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as the same sex, age and place of residence). There are multiple categories in private health insurance, and members are charged according to the risk category to which they belong. The social security and risk-related private insurance approaches are contradictory, and their coexistence creates different incentives for consumers. All consumers whose risk category is such that private insurance would charge them less than the amount that they would have to pay under social insurance have the incentive to avoid contributing to social insurance and use private insurance if they are allowed to. High-risk people, however, have the incentive to contribute to social security, loading it with high-risk members and increasing the per capita cost of services for members of the pool. The Chilean case, presented in Box 5.2, is an example of this phenomenon (43), in which contributors can opt out of social security and direct their contributions to private insurers. The contradictory incentives can be controlled only if social insurance is mandatory. Health financing functions are often integrated in a single organization. For ministries of health (or national health services), however, collecting is usually done by the ministry of finance. Some health systems with multiple social security organizations have introduced central collecting agencies in charge of risk equalization among pools (as in Colombia, Germany, and the Netherlands).Various attempts have been made to separate the pooling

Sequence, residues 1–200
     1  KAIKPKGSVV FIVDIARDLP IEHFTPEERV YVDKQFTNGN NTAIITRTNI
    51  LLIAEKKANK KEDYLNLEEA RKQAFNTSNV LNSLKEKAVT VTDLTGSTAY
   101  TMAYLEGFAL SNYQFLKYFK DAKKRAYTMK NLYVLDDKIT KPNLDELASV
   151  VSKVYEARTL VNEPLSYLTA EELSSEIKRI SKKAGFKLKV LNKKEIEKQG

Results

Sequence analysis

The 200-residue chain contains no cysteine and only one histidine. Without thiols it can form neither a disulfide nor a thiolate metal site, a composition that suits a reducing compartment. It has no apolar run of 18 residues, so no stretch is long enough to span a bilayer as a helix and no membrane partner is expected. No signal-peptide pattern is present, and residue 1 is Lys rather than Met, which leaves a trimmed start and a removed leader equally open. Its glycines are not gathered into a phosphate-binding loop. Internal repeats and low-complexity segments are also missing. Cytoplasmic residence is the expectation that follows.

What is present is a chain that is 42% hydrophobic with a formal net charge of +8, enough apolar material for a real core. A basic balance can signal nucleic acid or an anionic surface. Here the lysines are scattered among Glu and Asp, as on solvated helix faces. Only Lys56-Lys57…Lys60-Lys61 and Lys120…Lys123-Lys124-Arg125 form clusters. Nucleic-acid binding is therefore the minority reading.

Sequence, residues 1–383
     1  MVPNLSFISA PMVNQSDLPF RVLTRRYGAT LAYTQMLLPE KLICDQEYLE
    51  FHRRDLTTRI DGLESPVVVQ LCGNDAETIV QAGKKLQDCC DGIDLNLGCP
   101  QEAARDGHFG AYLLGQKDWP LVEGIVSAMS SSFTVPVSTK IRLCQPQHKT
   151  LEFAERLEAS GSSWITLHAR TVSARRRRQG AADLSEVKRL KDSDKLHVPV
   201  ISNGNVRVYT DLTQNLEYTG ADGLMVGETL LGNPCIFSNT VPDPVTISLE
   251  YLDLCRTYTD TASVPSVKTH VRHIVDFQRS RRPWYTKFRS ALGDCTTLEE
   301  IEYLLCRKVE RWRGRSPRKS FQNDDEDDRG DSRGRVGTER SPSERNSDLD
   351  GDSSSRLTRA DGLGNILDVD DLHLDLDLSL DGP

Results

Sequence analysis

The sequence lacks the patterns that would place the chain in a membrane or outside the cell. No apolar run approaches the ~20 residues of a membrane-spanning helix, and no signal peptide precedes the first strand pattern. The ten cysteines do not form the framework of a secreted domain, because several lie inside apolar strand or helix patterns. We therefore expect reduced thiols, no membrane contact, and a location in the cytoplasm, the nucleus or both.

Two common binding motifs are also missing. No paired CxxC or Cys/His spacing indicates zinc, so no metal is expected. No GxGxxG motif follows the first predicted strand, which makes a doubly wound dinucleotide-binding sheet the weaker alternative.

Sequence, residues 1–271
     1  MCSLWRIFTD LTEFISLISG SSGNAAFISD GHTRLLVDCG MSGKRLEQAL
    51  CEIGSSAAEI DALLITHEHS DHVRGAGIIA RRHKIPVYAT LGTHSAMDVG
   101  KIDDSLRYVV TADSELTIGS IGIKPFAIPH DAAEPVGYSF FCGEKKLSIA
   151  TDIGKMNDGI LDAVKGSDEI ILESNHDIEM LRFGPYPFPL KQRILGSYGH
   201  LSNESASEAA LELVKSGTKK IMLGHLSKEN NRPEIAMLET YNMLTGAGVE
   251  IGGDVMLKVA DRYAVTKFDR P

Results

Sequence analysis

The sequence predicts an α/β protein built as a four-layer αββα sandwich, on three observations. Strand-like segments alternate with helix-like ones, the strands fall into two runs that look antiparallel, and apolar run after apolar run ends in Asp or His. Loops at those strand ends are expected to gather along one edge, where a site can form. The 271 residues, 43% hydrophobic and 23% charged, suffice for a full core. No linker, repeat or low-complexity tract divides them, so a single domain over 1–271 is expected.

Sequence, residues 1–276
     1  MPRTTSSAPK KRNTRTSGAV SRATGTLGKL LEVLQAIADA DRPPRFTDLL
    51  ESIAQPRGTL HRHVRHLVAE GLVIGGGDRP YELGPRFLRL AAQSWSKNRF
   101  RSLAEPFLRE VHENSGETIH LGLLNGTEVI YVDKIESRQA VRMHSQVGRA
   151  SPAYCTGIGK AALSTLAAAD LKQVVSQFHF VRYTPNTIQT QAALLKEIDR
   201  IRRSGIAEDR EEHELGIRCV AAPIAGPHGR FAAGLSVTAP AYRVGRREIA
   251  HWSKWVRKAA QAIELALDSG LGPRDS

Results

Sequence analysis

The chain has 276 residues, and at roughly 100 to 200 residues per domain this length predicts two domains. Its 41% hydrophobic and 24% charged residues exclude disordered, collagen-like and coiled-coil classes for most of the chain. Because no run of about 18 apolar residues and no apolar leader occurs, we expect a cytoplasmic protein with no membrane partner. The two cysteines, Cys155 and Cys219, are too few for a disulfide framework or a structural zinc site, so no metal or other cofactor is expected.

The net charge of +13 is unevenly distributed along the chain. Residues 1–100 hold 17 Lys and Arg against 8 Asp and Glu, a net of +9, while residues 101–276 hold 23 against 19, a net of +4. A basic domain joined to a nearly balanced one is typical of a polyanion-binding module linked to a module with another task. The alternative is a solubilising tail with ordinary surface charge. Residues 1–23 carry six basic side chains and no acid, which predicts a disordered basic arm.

Box 5.2 The Chilean health insurance market: when stewardship fails to compensate for pooling competition problems and for imbalances between internal and external incentives In 1980, Chile implemented a radical reform of the health system. It separated financial administration in the public health sector from public providers and the Ministry of Health, creating the National Health Fund (FONASA), which is financed by a combination of general taxation (for the poor who also are included in the pool) and a 7% payroll tax contribution for formal sector workers. It simultaneously allowed for the introduction of private competing health insurance organizations (ISAPREs). All formal sector workers and their families have to contribute either to FONASA or an ISAPRE. All the rest of the population is covered by FONASA. In contrast with FONASA which charges all members the same 7% payroll tax irrespective of the risk, ISAPREs are allowed to adjust the contribution (with the 7% payroll tax as a minimum contribution) and the benefit package to the risk of the principal and his or her family. These organizational forms reflect opposing rationales. While FONASA is based on salary-related contributions with no exclusions, ISAPREs in practice are based on risk-related contributions. Apart from the very limited power of the Ministry of Health, no regulatory agency was in a position to regulate ISAPREs until 10 years after they were created. As a result, ISAPREs grew from covering 2% of the population in 1983 to 27% in 1996. Lack of regulation, weak stewardship (for political reasons), and an explicit policy to channel all crosssubsidies through FONASA only, resulted in severe segmentation of the market. ISAPREs focused on the richest, and risk-selected the healthiest. Only recently has it been possible to introduce regulation to reduce risk selection. Segmentation has determined that while more than 9% of the total Chilean population is older than 60 years of age (generally the highest risk group in the population), that population group represents only about 3% of ISAPRE beneficiaries. At the same time, as shown in the graph, while almost all low income workers are in FONASA, very few are in the ISAPRE system. There is continued debate in Chile over reform of the health insurance system to address this structural problem.